Posts Tagged ‘IT’

Women think big in IT sector

January 19th, 2015

A CUSTOM software engineering company is about to revolutionise the way young women perceive their role in the IT industry.

ThoughtWorks designs, creates and delivers software, and has just appointed its first South African general manager, Kgomotso Sediane. It hopes the move will change the role of girls in the technology sector .

The international organisation operates in 12 countries and has 29 branches globally.

Before Sediane took over, there was no head. The local office was run by Betty Enyonam Kumahor, ThoughtWorks’ managing director for Africa .

Sediane says the company opened in South Africa two years ago.

It targets young women to increase their creative participation in the IT industry.

“At the moment, we rely on software developed outside our continent. We are looking forward to the day a South African or African, preferably a woman, develops software that we can be proud of, own and get used by the world.”

She says their mission statement encompasses two major elements: the development of humanity as a resource – through the use of software – and driving social and economic justice.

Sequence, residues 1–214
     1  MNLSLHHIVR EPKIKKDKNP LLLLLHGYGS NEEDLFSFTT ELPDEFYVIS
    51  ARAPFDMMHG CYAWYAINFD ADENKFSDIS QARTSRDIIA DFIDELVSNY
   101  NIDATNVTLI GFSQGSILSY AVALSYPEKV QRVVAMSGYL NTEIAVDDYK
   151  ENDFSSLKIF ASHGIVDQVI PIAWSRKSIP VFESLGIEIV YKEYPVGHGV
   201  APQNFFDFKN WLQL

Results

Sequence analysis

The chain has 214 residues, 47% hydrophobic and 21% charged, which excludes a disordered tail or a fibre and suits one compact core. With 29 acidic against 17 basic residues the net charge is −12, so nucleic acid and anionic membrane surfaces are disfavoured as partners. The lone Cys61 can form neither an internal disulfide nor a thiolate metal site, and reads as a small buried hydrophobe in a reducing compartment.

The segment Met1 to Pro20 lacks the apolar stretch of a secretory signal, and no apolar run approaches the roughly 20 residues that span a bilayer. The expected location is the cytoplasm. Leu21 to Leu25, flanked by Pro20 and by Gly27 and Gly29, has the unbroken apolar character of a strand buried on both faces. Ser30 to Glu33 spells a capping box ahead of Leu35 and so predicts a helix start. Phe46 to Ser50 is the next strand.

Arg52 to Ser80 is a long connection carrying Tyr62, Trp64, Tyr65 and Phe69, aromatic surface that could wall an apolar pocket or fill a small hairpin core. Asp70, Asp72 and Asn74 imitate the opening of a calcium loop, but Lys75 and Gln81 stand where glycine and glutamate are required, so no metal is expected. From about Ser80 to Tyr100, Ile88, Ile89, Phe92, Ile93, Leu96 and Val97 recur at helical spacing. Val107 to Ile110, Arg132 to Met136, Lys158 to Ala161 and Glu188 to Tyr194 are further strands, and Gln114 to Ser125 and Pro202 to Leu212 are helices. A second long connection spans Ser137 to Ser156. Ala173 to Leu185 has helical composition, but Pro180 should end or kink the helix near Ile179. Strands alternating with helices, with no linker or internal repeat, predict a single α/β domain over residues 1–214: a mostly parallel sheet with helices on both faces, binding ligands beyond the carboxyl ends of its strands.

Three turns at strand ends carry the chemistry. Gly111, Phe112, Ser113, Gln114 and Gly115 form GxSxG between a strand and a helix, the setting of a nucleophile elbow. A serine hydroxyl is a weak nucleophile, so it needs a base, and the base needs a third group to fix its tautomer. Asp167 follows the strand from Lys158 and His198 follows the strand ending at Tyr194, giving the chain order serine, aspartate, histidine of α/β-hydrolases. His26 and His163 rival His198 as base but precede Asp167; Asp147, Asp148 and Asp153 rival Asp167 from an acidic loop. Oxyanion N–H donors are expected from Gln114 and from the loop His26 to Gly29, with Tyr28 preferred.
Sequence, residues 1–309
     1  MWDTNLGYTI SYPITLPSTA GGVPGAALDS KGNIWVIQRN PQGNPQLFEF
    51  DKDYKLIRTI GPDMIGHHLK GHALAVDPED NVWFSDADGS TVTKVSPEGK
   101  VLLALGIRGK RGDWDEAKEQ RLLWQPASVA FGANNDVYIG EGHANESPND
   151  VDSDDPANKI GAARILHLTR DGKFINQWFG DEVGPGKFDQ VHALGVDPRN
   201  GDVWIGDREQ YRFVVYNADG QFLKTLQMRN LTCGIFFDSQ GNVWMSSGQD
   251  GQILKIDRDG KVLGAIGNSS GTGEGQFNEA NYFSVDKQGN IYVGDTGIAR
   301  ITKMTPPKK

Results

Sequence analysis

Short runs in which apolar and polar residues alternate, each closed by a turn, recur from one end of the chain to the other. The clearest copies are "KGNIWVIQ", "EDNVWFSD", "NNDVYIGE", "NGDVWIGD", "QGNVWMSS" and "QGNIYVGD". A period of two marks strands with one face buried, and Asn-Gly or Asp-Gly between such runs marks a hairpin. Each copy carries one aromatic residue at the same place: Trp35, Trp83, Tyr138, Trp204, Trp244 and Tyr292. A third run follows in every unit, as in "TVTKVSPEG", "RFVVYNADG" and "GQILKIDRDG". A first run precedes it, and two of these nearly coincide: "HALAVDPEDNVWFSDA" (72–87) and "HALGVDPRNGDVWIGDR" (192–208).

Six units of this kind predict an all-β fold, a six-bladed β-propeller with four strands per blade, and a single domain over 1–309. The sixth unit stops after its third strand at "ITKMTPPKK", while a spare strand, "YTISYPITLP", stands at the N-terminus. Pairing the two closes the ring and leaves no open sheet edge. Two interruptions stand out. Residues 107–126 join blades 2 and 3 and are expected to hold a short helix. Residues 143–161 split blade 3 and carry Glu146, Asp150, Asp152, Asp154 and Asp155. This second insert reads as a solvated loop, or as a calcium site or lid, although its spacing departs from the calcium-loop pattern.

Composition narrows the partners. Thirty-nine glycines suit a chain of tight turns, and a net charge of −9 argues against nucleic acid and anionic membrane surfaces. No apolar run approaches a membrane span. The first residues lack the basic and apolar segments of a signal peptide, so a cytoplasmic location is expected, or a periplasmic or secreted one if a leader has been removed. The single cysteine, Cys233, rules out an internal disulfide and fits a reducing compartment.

“We’ve seen women being relegated to less important roles in the industry. This is the injustice we are talking about,” she says.

ThoughtWorks has embraced the Black Girls Code (BGC), which aims to get young black women to be not only consumers of software, but also developers.

“The BGC is meant to create a safe environment for black girls to develop software compliant to that of the African IT space.

“For instance, we are teaching them not only how to use an app, but how to create a fully-fledged app from scratch.”

The organisation generates its income from selling software developed by in-house thinkers.

Sediane says the three pillars on which the company was founded are: to build a sustainable business, to be different from other organisations involved in the business of developing and selling software and to address the social and economic injustices of our society.

Sediane started out as a computer programmer for a bank and was a project manager before she joined ThoughtWorks. She holds a Bachelor’s degree in computer science.

She strives for the empowerment of young women, but acknowledges the role men play in her organisation. “By instinctively being protective of women, men encourage disruptive thinking, which is the basis of our existence. Disruptive thinking becomes positive thinking and creative juices flow.”